The Autobiography of a Black Militant and the Life and Death of SNCC
The classic memoir by Cleveland Sellers that offers a behind-the-scenes glimpse into his volunteer work with the Student Nonviolent Coordinating Committee (SNCC) during the 1960s civil rights movement.
Among histories of the civil rights movement of the 1960s, there are few personal narratives that are as compelling and insightful as The River of No Return. Besides being an insider's account of the rise and fall of the Student Nonviolent Coordinating Committee (SNCC), this riveting memoir is an eyewitness report of the strategies and the conflicts in the crucial battle zones as the fight for racial justice raged across the South.
Tracing SNCC volunteer Cleveland Sellers' zealous commitment to activism from the time of the sit-ins, demonstrations, and freedom rides in the early '60s, this fascinating narrative encompasses the Mississippi Freedom Summer (1964), the historic march in Selma, the Democratic National Convention in Atlantic City, and the murders of civil rights activists in Mississippi. Sellers also recounts the turbulent history of the SNCC and tells the powerful story of his own dedication to the cause of civil rights and social change.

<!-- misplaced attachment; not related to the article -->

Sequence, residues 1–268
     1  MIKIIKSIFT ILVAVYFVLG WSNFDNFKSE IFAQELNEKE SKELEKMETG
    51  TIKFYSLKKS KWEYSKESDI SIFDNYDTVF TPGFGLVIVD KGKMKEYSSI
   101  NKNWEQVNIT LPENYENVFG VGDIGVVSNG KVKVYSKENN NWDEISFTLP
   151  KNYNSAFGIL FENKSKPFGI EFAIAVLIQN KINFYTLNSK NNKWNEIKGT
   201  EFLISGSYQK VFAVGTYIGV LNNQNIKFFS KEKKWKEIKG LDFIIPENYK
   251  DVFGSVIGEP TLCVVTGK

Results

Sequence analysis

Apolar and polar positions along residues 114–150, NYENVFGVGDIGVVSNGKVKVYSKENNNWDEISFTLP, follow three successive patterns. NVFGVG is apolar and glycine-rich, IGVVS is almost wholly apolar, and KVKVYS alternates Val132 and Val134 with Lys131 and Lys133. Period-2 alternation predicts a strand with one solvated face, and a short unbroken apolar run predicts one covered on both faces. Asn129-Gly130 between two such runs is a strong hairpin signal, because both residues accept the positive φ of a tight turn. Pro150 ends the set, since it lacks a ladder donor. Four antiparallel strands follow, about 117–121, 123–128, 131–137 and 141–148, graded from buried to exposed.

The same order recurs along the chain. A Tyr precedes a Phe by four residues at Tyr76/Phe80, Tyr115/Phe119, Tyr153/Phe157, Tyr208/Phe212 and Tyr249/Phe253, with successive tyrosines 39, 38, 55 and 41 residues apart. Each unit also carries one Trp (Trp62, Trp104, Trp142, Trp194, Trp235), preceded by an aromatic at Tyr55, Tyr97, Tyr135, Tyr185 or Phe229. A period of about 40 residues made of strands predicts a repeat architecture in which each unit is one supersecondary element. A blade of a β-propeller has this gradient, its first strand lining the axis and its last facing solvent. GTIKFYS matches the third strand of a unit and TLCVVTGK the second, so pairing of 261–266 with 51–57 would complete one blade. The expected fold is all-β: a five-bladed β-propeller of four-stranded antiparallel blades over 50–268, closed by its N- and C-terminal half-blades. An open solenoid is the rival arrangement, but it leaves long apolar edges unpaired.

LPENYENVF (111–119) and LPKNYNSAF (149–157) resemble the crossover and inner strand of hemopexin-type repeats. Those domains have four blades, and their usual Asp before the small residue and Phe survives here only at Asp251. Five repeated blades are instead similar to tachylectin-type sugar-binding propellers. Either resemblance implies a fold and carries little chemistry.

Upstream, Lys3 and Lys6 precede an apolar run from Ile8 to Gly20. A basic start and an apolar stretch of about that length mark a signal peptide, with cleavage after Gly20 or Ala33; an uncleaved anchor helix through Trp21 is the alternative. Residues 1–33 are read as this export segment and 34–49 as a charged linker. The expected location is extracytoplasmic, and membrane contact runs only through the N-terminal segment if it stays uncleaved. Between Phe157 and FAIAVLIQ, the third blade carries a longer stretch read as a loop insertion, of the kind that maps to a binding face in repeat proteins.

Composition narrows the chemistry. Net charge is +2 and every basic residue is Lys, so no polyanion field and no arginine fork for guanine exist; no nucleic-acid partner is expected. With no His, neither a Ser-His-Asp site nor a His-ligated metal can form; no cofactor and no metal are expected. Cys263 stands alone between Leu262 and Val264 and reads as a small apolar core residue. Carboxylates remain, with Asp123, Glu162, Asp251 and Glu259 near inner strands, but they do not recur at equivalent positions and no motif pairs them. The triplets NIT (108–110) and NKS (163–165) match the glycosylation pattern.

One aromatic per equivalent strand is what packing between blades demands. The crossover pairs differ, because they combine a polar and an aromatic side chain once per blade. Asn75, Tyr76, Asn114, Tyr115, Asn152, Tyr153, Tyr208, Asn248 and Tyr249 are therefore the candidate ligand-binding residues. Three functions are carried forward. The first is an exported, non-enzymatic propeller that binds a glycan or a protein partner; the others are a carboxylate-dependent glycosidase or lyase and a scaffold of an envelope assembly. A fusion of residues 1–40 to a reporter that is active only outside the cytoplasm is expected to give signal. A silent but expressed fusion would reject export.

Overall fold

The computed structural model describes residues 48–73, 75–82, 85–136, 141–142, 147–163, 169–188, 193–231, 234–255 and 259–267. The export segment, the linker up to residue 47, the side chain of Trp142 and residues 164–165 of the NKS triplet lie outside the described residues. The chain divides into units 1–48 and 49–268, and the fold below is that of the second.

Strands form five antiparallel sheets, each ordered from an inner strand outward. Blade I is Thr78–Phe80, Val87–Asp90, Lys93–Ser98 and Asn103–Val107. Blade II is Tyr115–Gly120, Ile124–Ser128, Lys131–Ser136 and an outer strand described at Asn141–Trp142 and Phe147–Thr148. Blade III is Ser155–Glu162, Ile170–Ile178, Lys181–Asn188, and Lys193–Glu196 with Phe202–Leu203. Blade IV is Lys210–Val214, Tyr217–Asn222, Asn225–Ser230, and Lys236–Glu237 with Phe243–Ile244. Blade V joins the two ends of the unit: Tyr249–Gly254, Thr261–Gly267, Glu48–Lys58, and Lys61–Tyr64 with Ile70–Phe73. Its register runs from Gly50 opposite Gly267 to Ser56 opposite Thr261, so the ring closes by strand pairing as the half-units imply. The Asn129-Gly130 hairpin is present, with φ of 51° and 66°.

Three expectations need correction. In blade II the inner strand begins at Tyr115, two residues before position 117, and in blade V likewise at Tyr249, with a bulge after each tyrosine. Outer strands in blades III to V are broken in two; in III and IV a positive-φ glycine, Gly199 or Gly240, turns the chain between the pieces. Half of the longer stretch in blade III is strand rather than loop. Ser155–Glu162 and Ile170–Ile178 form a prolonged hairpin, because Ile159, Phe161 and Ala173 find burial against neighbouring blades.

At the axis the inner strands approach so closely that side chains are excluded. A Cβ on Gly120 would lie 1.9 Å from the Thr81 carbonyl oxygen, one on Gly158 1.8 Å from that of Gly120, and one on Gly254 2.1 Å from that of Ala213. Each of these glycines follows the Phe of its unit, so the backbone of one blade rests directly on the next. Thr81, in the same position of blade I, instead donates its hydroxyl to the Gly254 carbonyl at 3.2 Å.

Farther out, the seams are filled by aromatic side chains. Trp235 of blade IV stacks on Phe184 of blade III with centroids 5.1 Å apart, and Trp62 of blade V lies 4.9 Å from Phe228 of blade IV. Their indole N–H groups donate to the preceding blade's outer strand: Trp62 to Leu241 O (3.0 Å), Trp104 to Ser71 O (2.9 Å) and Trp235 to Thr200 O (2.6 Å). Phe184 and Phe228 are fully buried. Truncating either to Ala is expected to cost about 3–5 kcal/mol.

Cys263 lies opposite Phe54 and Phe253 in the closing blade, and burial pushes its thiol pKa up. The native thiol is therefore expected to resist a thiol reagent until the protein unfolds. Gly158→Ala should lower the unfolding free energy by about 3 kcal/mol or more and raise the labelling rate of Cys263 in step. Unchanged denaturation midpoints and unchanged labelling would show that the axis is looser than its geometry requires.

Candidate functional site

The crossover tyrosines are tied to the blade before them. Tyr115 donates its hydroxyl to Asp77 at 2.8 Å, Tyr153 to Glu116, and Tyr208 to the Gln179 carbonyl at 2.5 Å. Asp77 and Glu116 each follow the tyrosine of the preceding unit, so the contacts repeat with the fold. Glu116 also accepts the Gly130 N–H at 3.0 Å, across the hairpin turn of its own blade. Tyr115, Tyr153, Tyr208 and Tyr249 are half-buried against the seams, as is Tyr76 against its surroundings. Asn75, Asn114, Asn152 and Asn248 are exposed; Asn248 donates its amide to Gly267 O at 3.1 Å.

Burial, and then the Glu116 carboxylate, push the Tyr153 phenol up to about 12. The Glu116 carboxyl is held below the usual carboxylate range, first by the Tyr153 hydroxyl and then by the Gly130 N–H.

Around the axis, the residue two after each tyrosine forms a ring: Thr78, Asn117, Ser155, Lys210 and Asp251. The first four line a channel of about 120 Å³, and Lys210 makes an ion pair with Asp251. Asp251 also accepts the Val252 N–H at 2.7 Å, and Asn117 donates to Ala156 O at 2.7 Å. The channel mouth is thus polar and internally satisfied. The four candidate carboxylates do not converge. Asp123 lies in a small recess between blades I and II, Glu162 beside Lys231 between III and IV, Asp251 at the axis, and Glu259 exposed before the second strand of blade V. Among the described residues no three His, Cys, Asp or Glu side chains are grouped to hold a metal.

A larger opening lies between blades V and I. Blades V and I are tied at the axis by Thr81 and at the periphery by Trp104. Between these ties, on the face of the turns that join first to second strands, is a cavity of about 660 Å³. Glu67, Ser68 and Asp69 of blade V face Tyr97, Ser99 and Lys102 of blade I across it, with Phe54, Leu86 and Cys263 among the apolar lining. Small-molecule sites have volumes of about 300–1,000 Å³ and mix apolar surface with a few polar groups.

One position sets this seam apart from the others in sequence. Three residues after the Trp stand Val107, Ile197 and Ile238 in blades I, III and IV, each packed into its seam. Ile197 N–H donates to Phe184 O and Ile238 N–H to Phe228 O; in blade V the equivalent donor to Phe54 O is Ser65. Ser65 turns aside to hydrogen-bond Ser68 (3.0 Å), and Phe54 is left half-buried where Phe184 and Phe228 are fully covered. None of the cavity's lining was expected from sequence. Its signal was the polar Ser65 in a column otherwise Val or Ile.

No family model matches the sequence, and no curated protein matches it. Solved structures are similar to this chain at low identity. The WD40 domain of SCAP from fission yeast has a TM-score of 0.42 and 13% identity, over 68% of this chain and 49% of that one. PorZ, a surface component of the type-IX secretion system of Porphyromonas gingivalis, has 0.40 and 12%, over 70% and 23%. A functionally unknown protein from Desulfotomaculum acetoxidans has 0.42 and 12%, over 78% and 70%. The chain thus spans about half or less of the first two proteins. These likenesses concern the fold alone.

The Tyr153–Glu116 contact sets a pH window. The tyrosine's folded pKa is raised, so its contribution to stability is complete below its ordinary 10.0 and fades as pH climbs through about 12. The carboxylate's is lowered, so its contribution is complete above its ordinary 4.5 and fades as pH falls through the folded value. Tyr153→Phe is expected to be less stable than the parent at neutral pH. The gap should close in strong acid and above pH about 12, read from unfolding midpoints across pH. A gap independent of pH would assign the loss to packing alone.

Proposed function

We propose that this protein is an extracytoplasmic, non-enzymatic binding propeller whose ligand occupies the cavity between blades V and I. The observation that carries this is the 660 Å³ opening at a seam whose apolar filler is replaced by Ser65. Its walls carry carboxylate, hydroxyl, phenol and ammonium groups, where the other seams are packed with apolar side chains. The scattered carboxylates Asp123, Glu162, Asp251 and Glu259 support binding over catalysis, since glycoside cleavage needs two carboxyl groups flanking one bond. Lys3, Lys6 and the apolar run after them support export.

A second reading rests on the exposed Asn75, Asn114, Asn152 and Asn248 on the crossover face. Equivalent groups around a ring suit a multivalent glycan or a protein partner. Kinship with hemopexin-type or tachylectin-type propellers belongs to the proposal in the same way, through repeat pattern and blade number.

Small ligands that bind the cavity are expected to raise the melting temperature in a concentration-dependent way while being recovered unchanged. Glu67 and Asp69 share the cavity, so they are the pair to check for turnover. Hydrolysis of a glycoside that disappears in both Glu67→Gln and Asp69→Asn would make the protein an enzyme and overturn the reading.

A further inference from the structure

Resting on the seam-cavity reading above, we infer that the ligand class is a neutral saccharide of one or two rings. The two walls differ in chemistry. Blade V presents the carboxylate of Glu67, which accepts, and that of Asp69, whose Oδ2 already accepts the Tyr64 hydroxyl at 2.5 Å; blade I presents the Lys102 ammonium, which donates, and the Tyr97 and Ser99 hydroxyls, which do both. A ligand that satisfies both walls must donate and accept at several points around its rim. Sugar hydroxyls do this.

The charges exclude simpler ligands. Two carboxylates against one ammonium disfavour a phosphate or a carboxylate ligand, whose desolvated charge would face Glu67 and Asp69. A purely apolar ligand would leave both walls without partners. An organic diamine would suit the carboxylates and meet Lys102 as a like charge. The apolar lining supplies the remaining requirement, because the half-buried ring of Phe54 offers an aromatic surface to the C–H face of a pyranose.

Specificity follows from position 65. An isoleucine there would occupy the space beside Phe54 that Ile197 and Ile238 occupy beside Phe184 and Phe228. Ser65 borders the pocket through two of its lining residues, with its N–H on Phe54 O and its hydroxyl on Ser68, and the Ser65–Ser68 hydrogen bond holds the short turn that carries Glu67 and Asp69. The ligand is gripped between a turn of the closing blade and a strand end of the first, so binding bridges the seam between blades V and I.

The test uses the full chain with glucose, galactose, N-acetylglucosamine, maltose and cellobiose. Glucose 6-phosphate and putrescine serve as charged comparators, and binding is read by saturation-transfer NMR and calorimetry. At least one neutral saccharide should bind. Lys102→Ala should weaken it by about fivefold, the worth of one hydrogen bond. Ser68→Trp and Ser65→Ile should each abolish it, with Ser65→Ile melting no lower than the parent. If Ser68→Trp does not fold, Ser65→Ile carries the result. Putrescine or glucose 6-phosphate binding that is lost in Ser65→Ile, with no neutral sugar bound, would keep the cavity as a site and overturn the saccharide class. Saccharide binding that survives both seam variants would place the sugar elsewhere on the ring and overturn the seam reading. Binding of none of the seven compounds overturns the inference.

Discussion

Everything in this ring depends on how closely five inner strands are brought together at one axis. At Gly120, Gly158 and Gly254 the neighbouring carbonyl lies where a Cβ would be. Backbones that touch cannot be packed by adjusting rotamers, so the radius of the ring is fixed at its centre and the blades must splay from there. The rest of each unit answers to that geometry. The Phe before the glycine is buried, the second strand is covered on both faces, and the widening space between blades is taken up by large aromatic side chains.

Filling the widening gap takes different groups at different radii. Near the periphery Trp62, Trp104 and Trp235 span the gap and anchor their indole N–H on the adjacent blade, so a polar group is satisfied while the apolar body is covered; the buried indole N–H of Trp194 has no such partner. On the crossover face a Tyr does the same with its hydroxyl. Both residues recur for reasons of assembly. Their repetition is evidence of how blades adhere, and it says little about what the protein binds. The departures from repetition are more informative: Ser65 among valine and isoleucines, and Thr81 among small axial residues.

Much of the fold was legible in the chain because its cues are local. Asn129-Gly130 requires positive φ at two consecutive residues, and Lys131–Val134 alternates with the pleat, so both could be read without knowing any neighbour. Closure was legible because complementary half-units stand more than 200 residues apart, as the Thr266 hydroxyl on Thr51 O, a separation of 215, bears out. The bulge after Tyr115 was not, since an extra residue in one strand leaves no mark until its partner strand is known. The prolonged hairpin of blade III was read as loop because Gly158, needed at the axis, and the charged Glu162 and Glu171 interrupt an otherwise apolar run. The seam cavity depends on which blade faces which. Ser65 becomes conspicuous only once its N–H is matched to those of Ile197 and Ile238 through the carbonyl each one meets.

The River of No Return has become a standard text for those wishing to perceive the civil rights struggle from within the ranks of one of its key organizations and to note the divisive history of the movement as groups striving for common goals were embroiled in conflict and controversy.
Terrell, Robert L., author.
Sellers, Cleveland, 1944-
Student Nonviolent Coordinating Committee (U.S.) -- Biography.
African Americans -- Biography.
Civil rights workers -- Southern States -- Biography.
African Americans -- Civil rights -- Southern States.
Civil rights movements -- Southern States -- History -- 20th century.
Southern States -- Race relations.